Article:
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A $2 solution to a $3,000 problem

Airman 1st Class Tyler Hill removes a circuit card from a rescue fire truck Dec. 9, 2014, at Joint Base Lewis-McChord, Wash. Replacing a single transistor would take maintenance Airmen an hour versus ordering a new circuit card from the manufacturer taking up to two months to return the fire truck to commission. Hill is a 627th Logistics Readiness Squadron fire truck maintenance journeyman. (U.S. Air Force photo/Staff Sgt. Russ Jackson)

Airman 1st Class Tyler Hill removes a circuit card from a rescue fire truck Dec. 9, 2014, at Joint Base Lewis-McChord, Wash. Replacing a single transistor would take maintenance Airmen an hour versus ordering a new circuit card from the manufacturer taking up to two months to return the fire truck to commission. Hill is a 627th Logistics Readiness Squadron fire truck maintenance journeyman. (U.S. Air Force photo/Staff Sgt. Russ Jackson)

Staff Sgt. Jesse Thorn  removes a circuit card from its packaging for a rescue fire truck Dec. 9, 2014, at Joint Base Lewis-McChord, Wash. Thorn and Airmen from both the fire truck maintenance shop and the avionics shop worked together to find a solution of great ingenuity which will save the Air Force $3,000 every time the problem arises. Thorn is a 62nd Maintenance Squadron intermediate section craftsman. (U.S. Air Force photo/Staff Sgt. Russ Jackson)

Staff Sgt. Jesse Thorn removes a circuit card from its packaging for a rescue fire truck Dec. 9, 2014, at Joint Base Lewis-McChord, Wash. Thorn and Airmen from both the fire truck maintenance shop and the avionics shop worked together to find a solution of great ingenuity which will save the Air Force $3,000 every time the problem arises. Thorn is a 62nd Maintenance Squadron intermediate section craftsman. (U.S. Air Force photo/Staff Sgt. Russ Jackson)

Nick DeLeon, left, and Airman 1st Class Tyler Hill package a circuit card from a rescue fire truck Dec. 9, 2014, at Joint Base Lewis-McChord, Wash. When fire truck maintainers were faced with replacing the $3,000 circuit card, they dug a little deeper into the issue and discovered a $2 solution. DeLeon is the 627th Logistics Readiness Squadron heavy mobile equipment mechanic leader and Hill is a 627th LRS fire truck maintenance journeyman. (U.S. Air Force photo/Staff Sgt. Russ Jackson)

Nick DeLeon, left, and Airman 1st Class Tyler Hill package a circuit card from a rescue fire truck Dec. 9, 2014, at Joint Base Lewis-McChord, Wash. When fire truck maintainers were faced with replacing the $3,000 circuit card, they dug a little deeper into the issue and discovered a $2 solution. DeLeon is the 627th Logistics Readiness Squadron heavy mobile equipment mechanic leader and Hill is a 627th LRS fire truck maintenance journeyman. (U.S. Air Force photo/Staff Sgt. Russ Jackson)

JOINT BASE LEWIS-MCCHORD, Wash. (AFNS) -- A brand new circuit board for a rescue fire truck can cost more than $3,000 to replace, regardless of why it has malfunctioned, but fire truck maintainers from Joint Base Lewis-McChord, Washington, dug a little deeper into the issue and discovered a $2 solution.

Recently, the shop was faced with replacing one of their own dashboard panels as a truck began displaying a compartment open light in error. Maintainers were able to trace the issue to the power distribution panel in the cab of the truck and discovered a transistor had failed.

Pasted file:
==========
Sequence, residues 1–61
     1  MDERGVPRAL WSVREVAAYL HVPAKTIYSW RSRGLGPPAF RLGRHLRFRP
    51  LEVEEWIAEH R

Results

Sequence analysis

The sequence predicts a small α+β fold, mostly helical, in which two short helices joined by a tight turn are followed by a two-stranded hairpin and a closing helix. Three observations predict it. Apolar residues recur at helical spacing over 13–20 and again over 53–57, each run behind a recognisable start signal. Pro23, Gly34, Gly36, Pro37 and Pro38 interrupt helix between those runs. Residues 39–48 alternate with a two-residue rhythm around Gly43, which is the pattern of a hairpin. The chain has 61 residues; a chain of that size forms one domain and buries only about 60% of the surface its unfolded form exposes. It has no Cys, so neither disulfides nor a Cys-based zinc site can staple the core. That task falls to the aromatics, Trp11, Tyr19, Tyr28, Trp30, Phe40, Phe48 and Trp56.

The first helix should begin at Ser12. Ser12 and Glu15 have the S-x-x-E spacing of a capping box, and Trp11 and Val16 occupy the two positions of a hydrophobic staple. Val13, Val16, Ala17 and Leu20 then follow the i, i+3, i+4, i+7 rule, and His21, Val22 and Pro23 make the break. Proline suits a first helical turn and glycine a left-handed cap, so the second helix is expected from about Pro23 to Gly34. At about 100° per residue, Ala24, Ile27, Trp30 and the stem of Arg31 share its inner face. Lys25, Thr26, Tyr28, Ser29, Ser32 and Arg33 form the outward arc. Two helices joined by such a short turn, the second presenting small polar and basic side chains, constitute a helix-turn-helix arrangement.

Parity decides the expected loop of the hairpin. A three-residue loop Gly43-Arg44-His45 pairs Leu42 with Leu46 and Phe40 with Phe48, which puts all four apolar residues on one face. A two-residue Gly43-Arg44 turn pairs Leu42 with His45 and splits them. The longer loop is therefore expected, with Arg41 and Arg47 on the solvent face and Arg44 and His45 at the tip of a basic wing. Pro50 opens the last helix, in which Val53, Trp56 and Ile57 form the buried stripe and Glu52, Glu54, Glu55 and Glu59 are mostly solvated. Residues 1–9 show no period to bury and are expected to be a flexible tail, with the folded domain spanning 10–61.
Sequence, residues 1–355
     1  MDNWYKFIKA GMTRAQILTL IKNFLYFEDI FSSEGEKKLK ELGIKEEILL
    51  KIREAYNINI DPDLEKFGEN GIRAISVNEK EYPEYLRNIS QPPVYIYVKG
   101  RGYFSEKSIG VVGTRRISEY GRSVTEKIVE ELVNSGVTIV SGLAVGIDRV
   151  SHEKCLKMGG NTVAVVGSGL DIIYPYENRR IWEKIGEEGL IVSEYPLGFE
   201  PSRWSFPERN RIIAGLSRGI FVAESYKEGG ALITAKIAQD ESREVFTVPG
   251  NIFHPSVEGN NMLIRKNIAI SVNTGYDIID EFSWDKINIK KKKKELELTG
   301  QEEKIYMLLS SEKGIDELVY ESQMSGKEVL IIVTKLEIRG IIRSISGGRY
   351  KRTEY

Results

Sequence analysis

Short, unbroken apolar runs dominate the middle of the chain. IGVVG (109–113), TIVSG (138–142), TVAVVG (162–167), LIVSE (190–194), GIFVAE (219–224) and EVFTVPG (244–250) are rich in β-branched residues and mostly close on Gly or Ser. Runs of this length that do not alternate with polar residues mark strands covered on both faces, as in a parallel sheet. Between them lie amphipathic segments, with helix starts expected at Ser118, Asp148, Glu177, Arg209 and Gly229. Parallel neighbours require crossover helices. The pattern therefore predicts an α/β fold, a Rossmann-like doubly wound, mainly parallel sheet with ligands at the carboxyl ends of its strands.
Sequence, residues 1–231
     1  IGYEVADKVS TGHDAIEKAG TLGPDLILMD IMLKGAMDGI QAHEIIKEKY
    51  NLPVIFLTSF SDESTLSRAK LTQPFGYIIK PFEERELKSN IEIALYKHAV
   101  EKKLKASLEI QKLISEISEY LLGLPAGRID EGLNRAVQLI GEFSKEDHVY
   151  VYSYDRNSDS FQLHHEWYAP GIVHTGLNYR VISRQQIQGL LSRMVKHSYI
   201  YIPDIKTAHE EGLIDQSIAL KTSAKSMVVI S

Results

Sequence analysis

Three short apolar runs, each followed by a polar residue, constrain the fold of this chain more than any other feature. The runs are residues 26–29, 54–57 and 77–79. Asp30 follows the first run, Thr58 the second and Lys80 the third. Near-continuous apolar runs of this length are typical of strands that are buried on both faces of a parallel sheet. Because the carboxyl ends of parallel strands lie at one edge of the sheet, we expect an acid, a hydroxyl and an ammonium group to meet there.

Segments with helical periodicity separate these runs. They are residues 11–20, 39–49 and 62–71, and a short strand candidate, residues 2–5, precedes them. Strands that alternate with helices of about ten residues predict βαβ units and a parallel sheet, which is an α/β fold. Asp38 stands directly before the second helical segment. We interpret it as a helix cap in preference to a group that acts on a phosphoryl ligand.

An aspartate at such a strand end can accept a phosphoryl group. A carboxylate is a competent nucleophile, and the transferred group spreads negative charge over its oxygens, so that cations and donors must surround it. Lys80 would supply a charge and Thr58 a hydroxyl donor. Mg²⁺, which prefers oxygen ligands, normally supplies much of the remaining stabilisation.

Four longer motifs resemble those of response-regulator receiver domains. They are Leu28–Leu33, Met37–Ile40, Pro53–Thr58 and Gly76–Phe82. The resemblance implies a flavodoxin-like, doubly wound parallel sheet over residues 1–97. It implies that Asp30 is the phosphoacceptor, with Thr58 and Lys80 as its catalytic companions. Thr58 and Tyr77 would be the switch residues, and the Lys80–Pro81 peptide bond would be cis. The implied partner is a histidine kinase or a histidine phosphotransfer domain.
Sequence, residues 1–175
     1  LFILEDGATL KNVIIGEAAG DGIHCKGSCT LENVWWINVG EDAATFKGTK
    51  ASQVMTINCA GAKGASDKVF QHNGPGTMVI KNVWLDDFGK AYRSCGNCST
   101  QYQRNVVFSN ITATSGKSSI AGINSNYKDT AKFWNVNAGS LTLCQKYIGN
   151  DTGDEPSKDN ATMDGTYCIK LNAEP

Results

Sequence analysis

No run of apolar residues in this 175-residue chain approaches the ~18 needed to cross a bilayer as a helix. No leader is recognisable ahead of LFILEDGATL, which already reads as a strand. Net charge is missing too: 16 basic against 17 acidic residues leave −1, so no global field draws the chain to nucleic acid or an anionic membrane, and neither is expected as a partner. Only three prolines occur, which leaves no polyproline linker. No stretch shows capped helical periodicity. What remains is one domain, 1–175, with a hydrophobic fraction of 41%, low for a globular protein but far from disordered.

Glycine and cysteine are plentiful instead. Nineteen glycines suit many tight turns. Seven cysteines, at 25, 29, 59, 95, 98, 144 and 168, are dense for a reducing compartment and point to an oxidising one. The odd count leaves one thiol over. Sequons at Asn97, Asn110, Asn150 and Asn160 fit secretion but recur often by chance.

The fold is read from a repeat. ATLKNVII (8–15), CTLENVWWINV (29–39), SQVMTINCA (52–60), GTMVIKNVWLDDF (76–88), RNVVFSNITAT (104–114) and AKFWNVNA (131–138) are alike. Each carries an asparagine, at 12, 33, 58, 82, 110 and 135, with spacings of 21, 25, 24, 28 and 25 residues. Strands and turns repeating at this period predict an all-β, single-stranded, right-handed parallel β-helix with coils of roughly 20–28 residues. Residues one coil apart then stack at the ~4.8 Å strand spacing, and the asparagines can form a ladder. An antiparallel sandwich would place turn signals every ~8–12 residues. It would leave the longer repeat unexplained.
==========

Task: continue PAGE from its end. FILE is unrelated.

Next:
"We called the company who manufactures the truck and they gave us a quote of $2,998, plus shipping to replace the entire circuit card," said Nick DeLeon, the 627th Logistics Readiness Squadron heavy mobile equipment mechanic leader. "We're not trained in circuit cards but can identify that the problem originated from the card, at which point we would typically just replace it."

DeLeon has worked with McChord's avionics shop in the past and decided to run the circuit card by them in order to gain more in-depth knowledge about the card. Together, they traced the error down to a single failed transistor within the circuit card.

"A quick trip up to a local electronics store and $2 later we had a fixed fire truck," DeLeon said. "This is the second transistor that we've replaced like this and so far we've saved the Air Force more than $6,000. We have never replaced a circuit card because of this issue."

DeLeon's next step is to upload the fix in to the Joint Deficiency Reporting System.

The JDRS provides a common, seamless solution for deficiency reporting and resolution management across the aeronautical enterprise.

DeLeon spoke with a local company that deals with the exact same trucks, except they belong to The Boeing Company and Seattle Tacoma International Airport. They had seen the same problems but, until DeLeon called them, had not discovered a solution that did not involve completely replacing the circuit card.

To help replace the transistor, fire truck maintainers took the circuit card and the new transistor to Staff Sgt. Jesse Thorn, a 62nd Maintenance Squadron intermediate section craftsman, at the avionics shop.

Replacing the part took less than an hour, allowing the fire truck to be back up and running before the end of the day. This is compared to having to replace the card completely, which could leave the truck out of commission for up to two months.

"We work on line replaceable units that come off the C-17 (Globemaster III) aircrafts,” Thorn said. “We can work on electronics and circuit cards, kind of like this one.”

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